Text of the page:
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I'm having trouble getting my 3 week old to latch on to the breast and i get really frustrated because i want to breast feed so bad. Any tips on how to maybe help her latch on?

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k-MoMmY0625

Asked by k-MoMmY0625 at 3:08 PM on Jul. 14, 2008 in Babies (0-12 months)

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Answers (9)
  • my daughter was the same then i let her suckle my nipples alot and touch them with her hands, once she knew the milk was there she really took my nipples and made me feel so good, also try maybe feeding naked too.
    Anonymous

    Answer by Anonymous at 3:15 PM on Jul. 14, 2008

  • I had LOTS of problems and ended up giving up.
    Look in your phone book or call the maternity ward up and get a number for a Lacation Consultant. I really wish I had done so but I was so sore and so stressed that I quit.
    kaycee14

    Answer by kaycee14 at 3:20 PM on Jul. 14, 2008

  • I had the same problem. I had horrible swelling after my pregnancy in my legs, breasts, and hands. It also caused a hard time breastfeeding my new baby boy. He would cry if I tried to feed him because he would get so frustrated by trying to feed off a swollen breast. First off, try feeding her w.o a shirt. Wierd, I know, but it helps not having clothing in the way when you're new at breastfeeding. I also had to use Medela nipple shields at first to get him to latch on my my swollen boob. It helped a little but main thing was that he latched better as soon as the swelling went down. If you're engorged, it can make it harder. If that's the case, pump VERY little so that you're not so full. If you're still having problems, consult a lactation specialist. Good luck!! I hope it works out for you.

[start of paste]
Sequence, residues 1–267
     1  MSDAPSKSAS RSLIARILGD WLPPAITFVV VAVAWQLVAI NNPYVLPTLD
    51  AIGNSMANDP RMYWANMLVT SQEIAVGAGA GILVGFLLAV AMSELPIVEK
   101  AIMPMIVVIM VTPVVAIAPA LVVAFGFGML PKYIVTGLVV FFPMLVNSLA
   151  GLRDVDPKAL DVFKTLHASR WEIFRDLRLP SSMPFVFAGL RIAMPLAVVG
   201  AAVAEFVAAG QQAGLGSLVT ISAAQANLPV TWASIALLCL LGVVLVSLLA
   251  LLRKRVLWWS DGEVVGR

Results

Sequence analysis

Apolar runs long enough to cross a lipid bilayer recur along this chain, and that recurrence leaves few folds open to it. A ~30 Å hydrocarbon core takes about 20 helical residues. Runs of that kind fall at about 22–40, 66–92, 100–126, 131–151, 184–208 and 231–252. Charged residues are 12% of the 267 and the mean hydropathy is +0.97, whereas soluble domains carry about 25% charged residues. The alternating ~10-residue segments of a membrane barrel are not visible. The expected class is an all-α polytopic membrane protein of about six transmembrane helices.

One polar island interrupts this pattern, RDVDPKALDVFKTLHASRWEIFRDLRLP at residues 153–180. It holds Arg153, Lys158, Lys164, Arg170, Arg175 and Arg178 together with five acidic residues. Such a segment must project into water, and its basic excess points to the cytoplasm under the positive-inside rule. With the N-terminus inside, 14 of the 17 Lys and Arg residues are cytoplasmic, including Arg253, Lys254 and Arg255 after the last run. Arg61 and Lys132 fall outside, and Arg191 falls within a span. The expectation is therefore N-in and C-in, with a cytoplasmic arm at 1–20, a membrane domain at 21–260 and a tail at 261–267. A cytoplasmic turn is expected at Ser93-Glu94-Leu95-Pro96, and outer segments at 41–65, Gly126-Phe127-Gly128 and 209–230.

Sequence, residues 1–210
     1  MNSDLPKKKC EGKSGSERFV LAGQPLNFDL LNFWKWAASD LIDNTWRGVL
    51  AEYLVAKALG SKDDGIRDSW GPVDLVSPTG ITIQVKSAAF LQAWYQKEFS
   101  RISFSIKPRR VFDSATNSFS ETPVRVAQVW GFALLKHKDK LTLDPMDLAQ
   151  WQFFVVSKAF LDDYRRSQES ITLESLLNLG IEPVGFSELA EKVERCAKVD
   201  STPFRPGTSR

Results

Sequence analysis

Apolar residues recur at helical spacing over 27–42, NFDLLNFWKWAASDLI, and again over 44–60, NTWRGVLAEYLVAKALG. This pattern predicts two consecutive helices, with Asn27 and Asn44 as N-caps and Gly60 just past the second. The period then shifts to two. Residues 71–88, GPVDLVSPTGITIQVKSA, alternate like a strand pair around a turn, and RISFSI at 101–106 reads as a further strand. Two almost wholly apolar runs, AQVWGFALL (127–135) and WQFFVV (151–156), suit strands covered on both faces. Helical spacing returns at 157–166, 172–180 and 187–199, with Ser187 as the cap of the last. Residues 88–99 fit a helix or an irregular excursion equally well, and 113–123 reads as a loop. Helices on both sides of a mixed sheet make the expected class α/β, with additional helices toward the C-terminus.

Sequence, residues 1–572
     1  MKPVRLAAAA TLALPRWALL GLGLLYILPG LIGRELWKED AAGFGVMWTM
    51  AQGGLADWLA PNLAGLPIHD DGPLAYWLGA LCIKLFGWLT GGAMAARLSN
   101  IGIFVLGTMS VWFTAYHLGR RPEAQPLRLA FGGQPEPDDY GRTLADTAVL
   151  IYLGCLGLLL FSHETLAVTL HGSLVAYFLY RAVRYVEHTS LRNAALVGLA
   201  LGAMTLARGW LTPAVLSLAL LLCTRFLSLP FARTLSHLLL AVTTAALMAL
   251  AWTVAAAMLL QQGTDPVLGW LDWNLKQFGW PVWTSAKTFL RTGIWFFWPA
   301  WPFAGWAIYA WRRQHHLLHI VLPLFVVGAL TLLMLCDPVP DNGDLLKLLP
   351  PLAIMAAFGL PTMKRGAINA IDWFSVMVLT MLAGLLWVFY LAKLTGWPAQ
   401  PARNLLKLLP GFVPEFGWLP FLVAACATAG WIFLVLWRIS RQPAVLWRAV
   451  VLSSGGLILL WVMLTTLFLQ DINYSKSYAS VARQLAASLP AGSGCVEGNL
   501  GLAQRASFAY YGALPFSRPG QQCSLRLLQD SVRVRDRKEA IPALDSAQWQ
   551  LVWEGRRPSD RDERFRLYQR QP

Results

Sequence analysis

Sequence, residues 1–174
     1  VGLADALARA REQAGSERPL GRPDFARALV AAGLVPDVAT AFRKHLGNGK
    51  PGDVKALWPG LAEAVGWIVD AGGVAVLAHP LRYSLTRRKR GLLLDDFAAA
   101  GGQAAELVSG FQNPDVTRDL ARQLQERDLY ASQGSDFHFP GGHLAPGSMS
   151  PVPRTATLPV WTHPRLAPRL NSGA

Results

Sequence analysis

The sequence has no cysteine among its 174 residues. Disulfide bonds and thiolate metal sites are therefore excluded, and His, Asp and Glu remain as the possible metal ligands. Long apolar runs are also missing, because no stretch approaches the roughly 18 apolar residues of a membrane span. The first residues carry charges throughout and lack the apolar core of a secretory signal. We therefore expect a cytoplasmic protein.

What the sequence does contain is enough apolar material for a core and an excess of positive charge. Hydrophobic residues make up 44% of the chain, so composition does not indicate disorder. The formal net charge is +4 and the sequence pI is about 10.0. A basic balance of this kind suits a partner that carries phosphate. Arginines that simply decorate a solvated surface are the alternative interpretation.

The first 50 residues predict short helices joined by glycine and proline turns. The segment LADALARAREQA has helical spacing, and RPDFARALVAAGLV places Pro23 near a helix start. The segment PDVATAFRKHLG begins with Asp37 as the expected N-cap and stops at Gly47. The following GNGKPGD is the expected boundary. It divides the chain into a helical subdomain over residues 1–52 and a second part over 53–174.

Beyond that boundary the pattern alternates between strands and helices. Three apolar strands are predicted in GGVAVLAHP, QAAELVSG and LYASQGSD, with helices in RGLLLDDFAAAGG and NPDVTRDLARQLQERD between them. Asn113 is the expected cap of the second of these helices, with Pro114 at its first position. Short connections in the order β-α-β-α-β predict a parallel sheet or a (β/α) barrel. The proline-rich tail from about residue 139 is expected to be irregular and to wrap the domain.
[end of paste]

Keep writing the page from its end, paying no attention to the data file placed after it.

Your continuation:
LaurenKaye29

    Answer by LaurenKaye29 at 3:32 PM on Jul. 14, 2008

  • I agree. You can use the internet to find a midwife (www.midwife.org is one spot) or a doula (www.dona.org) in your area. They can talk to you over the phone, email, or meet with you to identify what might help. It really is so worth any effort you make to establish breastfeeding. La Leche League is a good place to start, too. They are committed to helping you out.
    (My photo here on the left is of our oldest in the middle of nursing! ) Good luck!
    waldorfmom

    Answer by waldorfmom at 3:40 PM on Jul. 14, 2008

  • I'll try to explain it. First, take off your shirt... much easier. Relax. Rub your nipple on the baby's cheek, to get her rooting. Place your hand under your breast, lift it up, with the nipple pointing down, and flatten your nipple between your first and second finger, to get it in her mouth. Make sure you give her the WHOLE nipple, AND ariola. It seems like a lot for a tiny mouth, but your nipple and ariola need to be in her mouth.
    barrettboys

    Answer by barrettboys at 3:45 PM on Jul. 14, 2008

  • stay calm you both have to be relaxed. it's hard for everyone at first if you think you may be doing something wrong call a lactation consultant. the hospital should be able to give you some numbers or if there is a wic office near you they have laction consultants and a suport group
    gimmietherapy

    Answer by gimmietherapy at 3:46 PM on Jul. 14, 2008

  • Mine wouldn't latch either, the nurse at the hospital had me lay there and she brought me a syringe with a lil hose and formula in it, and would have him latch on and give a lil formula at a time since he would drink that and eventually he finally latched on and let me tell you I was sore.
    Pghpagirl

    Answer by Pghpagirl at 5:38 PM on Jul. 14, 2008

  • make sure to get the nipple in really far to activate their reflex to suckle, it was way farther back than i thought it would be.
    that helped me a lot.
    if i would've known the nurse would grab my nipple and shove it in her mouth, i would've had some words before hand. but it really did help get her latched!
    Destiny13

    Answer by Destiny13 at 6:00 PM on Jul. 14, 2008

  • My lactation consultants gave me a nipple shield to help him nurse. It really helped and he weaned himself off the shield at 2 mo of age.
    jenn.hedlund

    Answer by jenn.hedlund at 7:57 PM on Jul. 14, 2008

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